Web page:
Tea & Review: Harlots – Episode 4

Lucy’s (Eloise Smyth) naiveté lingers in episode 4. Despite a customer leaving her bed agitated and dissatisfied, she still asks Margaret (Samantha Morton) if he is to be her keeper. Shockingly, she believes that to be in the realm of possibility.

Later when she plays cards, Lucy yet again demonstrates her fledgling social skills. Not unlike her time at the Reptons (Tim McInnerny), she attempts to participate in banter and ends up missing the mark. Unfortunately though, to Lord Fallon (Ben Lambert) she sounds enticing. This is, of course, most dangerous given his particular, possibly murderous, sexual preferences.

She becomes increasingly more aware of her weaknesses as a harlot, rather keenly so when she overhears Margaret express concern at the lack of takers. To her credit, Lucy takes some initiative and seeks out Charlotte (Jessica Brown Findlay) for advice. From their conversation though, it’s clear Charlotte didn’t struggle early on to satisfy customers as Lucy has.

It’s hard to tell if Lucy’s bumpy entry into sex work is par for the course or if it veers from the norm. The only other new Harlot whose experiences might provide comparison and insight is Harriet (Pippa Bennett-Warner). Her expert handling of Repton does indeed put Lucy’s amateur fumbling in rather harsh perspective, but we might remember that Harriet is not new to this game. As she says, this is just the first time she’s getting money for it.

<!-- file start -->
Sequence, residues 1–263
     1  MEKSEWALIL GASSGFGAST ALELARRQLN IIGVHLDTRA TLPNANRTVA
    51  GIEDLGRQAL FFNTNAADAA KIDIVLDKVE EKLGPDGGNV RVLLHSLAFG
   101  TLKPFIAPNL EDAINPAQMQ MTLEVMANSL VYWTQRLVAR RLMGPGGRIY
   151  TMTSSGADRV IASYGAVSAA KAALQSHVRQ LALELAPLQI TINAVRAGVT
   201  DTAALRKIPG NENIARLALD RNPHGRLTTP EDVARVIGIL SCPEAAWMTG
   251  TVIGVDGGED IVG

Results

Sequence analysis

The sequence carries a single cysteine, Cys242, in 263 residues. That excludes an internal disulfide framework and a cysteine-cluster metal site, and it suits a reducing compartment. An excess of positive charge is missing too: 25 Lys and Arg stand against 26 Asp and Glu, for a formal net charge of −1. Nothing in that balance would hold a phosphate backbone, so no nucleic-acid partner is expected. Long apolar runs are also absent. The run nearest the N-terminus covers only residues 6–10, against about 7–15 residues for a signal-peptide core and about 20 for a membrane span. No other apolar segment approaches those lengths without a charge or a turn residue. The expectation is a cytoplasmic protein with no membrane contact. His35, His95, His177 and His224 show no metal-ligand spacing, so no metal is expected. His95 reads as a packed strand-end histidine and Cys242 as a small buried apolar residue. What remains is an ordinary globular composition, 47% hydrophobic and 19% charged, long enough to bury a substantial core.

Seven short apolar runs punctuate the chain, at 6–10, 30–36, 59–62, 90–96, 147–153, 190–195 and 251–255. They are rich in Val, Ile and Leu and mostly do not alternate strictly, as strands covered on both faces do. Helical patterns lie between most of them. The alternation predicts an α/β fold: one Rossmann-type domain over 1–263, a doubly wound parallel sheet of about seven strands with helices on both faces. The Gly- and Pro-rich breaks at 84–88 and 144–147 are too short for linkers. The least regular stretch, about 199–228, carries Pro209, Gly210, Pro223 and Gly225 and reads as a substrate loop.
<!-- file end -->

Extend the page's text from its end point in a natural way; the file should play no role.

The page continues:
Continue reading Tea & Review: Harlots – Episode 4

Tea & Review: The Leftovers – Crazy Whitefella Thinking

On The Leftovers, faith and abjection are two sides of the same coin. People like Matt Jameson (Christopher Eccleston) and other followers of pre-existing belief systems have tended to attribute divine explanations to the Sudden Departure, while the more nihilistic among the cast have mocked the idea of meaning in such tragedy. As with all loss, some look for any reason to believe it was meaningful, while others are determined to spit in the face of consolation.

And then there’s Kevin. (No, not that one.)

Kevin Garvey Sr. (Scott Glenn) was, until now, the least developed central character on this show. As the ostensible main character’s father, he was a part of the narrative from the very start, but he had always existed on the sidelines. Now, we not only get to get a glimpse of his Australian adventures; we also get to learn a little bit about his past and what makes him tick.

And here’s the thing—Kevin Sr.’s not a likable character. He refuses to believe he’s anything other than the savior of all mankind, and this leads him to degrade Australian Aboriginal customs, alienate Matt and disregard his son, and accidentally kill one of the few people who was willing to help him. As far as heroes go, he’s firmly of the ineffective variety, and he appears to have done more harm than good…thus far.

Faith has clearly played a big role in Kevin Sr.’s decision-making, though not the sort of faith we’re used to seeing on this show. This episode establishes that he doesn’t necessarily care about any sort of divine power. As far as he is concerned, the voices in his head are commanding him to save the world—whether it’s for or from God is beside the point. The mission is to secure a future for humanity, regardless of what the almighty wants.

Continue reading Tea & Review: The Leftovers – Crazy Whitefella Thinking